A university is born

Black and white historical photograph from 1860 featuring the Arts Building at McGill University, photographed by William Notman.
The Arts Building in 1860 photographed by William Notman.
James McGill bequeathed in trust £10,000 and his forty-six acre Burnside Place estate on the side of Mount Royal, to the Royal Institution for the Advancement of Learning upon his death in 1813. There were two conditions: The resources were to be used to create a college in McGill’s name, and the school must be established within ten years of his passing.

The genesis of the college bearing his name was a difficult, drawn-out affair. One of his heirs, a nephew named Francis Desrivières, was eager to claim Burnside Place as his own; he stalled all progress, in the hope that the McGill fortune would default to him.  The Royal Institution, meanwhile, was a fledgling operation ill-equipped to deal with its own day-to-day operations, let alone do battle with the uncooperative Desrivières. It was thanks to the rallying efforts of McGill’s former friend, John Strachan, that the Royal Institution pulled itself together and obtained a charter from King George IV in the spring of 1821. Three years later saw the appointment of a principal, Reverend George Jehosaphat Mountain (later Anglican Bishop of Quebec), and the hiring of four professors. Now all the Royal Institution needed was the school itself.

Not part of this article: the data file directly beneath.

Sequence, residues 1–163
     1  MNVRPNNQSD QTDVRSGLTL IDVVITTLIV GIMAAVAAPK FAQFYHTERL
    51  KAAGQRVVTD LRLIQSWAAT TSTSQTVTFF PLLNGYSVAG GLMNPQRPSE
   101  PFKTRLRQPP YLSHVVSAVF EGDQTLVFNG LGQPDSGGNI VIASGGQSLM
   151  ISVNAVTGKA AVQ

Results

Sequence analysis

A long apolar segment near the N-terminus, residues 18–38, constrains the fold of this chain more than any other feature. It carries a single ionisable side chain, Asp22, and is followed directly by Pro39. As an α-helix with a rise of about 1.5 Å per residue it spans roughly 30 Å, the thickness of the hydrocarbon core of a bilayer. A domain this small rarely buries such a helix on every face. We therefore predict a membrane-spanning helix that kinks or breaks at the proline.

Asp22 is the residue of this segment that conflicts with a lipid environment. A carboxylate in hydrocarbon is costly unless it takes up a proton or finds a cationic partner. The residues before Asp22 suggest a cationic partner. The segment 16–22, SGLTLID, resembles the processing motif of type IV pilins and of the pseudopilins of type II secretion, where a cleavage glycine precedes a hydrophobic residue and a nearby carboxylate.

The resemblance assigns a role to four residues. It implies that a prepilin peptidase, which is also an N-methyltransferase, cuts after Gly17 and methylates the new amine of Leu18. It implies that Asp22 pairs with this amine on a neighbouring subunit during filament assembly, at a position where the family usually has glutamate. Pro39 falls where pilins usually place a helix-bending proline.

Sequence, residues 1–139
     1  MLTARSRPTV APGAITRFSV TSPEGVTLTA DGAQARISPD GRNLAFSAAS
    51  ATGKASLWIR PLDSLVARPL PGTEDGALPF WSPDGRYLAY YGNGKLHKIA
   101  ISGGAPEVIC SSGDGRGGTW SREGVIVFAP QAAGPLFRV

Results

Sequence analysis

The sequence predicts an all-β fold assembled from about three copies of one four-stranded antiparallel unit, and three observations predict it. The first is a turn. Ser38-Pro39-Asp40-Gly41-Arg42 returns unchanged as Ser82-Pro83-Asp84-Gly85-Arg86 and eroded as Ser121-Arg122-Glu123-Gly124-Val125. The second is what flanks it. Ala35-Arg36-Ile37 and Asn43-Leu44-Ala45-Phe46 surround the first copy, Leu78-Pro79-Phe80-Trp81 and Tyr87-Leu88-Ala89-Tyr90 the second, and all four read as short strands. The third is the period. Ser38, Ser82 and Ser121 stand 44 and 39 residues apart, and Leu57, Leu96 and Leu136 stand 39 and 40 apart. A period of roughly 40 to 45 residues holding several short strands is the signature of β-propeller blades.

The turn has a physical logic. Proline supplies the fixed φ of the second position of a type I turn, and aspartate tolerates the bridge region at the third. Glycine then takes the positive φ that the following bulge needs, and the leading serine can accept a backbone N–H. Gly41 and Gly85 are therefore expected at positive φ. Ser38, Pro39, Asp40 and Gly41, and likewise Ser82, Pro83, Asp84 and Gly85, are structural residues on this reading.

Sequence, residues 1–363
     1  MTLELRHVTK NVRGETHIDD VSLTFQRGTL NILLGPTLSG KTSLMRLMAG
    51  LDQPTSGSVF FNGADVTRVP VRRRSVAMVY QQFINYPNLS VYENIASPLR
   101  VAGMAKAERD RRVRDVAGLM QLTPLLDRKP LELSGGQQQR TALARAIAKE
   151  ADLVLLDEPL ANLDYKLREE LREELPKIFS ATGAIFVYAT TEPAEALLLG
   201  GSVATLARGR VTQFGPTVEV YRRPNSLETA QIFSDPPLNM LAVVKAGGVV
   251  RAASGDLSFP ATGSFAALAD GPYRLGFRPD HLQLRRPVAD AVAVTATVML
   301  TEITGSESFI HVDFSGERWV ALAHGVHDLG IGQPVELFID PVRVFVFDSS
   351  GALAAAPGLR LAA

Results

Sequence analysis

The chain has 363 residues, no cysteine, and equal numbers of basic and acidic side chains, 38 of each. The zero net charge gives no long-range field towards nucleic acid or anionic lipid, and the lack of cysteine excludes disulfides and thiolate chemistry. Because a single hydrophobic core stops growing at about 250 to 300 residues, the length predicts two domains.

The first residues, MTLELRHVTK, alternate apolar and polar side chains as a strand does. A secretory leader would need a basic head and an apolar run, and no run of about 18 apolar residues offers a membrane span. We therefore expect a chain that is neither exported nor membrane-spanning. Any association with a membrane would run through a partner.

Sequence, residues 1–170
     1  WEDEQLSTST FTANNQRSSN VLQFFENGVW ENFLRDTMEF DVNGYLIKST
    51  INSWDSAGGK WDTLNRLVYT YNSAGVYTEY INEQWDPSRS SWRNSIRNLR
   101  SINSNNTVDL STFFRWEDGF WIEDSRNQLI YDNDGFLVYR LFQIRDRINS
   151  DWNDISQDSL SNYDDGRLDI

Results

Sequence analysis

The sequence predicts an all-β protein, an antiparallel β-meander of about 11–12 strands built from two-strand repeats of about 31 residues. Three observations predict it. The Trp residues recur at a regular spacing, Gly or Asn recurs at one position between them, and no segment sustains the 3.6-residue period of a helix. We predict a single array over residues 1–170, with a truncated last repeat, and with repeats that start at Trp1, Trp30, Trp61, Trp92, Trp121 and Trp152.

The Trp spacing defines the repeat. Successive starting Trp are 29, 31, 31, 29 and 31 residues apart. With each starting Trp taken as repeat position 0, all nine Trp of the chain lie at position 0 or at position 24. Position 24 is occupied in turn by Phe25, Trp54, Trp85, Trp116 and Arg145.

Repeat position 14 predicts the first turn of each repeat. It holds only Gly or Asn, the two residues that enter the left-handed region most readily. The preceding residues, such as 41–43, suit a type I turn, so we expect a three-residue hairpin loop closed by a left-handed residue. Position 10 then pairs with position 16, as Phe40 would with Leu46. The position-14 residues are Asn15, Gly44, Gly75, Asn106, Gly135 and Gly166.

On June 24, 1829, Burnside Place was formally opened as McGill College. The college immediately struck a deal to have the Montreal Medical Institution act as its faculty of medicine. James McGill’s dream was picking up steam, although it would take another six years to settle the case with Francis Desrivières, and internal bickering would cause even further delays. Finally, on September 6, 1843, twenty students filed into the new Arts Building. It was McGill College’s first day of classes, an historic moment thirty years in the making.

Back to top